R5 Westchester Magazine’s Five Best Dishes of the Month

1) The “Bulldog” at La Herradura in New Rochelle. I ordered this drink just because it was insane: It’s a small bottle of Corona beer turned upside down into a frozen Margarita. It’s unholy, an abomination, and I just had to have it. To my amazement, while I never order Corona beer and never order frozen Margaritas, this novelty drink actually sort of worked. The straw-colored, fizzy beer added crispness to the overly sugary frozen drink, while the Margarita’s lime lent some charm to an otherwise pretty blah beer. Plus, it looks rad and, when you drink it, it bubbles like a water cooler. So there.

2) Bibimbap at So Gong Dong Tofu in Hartsdale. I’ve loved this Korean soul-food dish since I first tasted it way back when. Basically (though specific ingredients vary), it’s a nutritive composition of sticky short-grain rice, carrots, squash, sautéed mushrooms, eggs, and pork, plopped on a rocket-hot stone and then served up—crackling, spitting, and volcanically hot—as a direct challenge to the diner’s personal safety. I waited until the rice had developed a sweet, golden crust, then I stirred it all up with some kochujang (chili paste) and went to town. 

Bibimbap at So Gong Dong Tofu in Hartsdale.

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3) Lobster Roll at PJ’s in Wellfleet, MA. It’s the annual summer Sexton residency in the weird old house by the sea in Truro that was (pro) painted by Edward Hopper and is (con) a popular hangout of bats. Also (con), last summer, my local town beach was the site of the first shark attack on Cape Cod since 1936. But (pro), we do have great seafood in abundance. My newest discovery is the heaped lobster roll at PJ’s Seafood on Route 6. The lobster chunks are taut, fresh, plentiful, and nearly innocent of mayo. Plus, the top split bun is super-buttery and crisp. Sadly, they’re $14.99 (con), which really adds up every day.

4) Lamb Cooked Under the Bell at Dubrovnik in New Rochelle. This is the weirdest restaurant in Westchester—and I sort of love it. Some of the best cooking there is done outdoors over a wood fire, and nothing smells better than delicious things, cooked outdoors over wood, on a mild summer night. This lamb (and, especially, its fat) was beautifully golden, smoky, and delicious. It was cooked under an iron “bell” placed over that wood fire with more coals piled on top, sort of like an old fashioned Dutch oven. Gnawing this smoky lamb off its tiny bones while sitting under a starry sky was a primal, sensual experience.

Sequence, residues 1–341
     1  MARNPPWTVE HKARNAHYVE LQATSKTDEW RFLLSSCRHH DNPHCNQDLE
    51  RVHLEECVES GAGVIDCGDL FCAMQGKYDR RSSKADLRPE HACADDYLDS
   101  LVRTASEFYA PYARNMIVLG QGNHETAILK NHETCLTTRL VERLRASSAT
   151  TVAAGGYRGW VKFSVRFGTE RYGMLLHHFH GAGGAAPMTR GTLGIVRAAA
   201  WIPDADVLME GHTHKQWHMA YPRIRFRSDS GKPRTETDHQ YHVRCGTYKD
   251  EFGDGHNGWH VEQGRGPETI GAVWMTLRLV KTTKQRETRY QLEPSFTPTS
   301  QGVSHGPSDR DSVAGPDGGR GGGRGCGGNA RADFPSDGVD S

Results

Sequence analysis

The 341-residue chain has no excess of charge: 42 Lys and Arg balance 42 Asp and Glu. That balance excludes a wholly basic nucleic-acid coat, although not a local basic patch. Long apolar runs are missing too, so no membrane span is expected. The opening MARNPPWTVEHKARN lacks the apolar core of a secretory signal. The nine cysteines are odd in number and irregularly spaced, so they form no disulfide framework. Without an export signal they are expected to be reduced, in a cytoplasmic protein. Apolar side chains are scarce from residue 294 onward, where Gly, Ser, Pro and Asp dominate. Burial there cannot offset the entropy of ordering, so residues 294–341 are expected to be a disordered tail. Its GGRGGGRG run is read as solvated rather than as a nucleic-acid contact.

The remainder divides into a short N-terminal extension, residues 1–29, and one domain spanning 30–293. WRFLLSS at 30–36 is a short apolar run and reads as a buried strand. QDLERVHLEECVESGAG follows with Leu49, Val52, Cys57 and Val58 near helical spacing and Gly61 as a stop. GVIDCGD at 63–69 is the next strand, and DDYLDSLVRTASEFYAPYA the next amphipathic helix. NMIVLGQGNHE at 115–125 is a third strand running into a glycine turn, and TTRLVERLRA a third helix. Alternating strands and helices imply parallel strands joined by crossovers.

5) Roasted Corn at home. Here’s a lazy cook move: if you’re too inert to shuck all those ears of corn and then boil your biggest pot of water and then wash the same big
pot later (because it doesn’t fit in the dishwasher), just pull off the silk and throw those ears on the grill. If it’s great, local corn (and it was), it doesn’t take long to cook. Just blacken the husks evenly, and then plop them—all black and charred—onto your diners’ plates. Now it’s their responsibility to shuck the corn, so you’re being passive-aggressive but also quite trendy; this is a method that Chef Christian Petroni of Fortina uses to cook corn. But besides being easy on the cook, it’s also more delicious than boiling—the blackened, ashy husks lend a smoky sweetness to the corn. 

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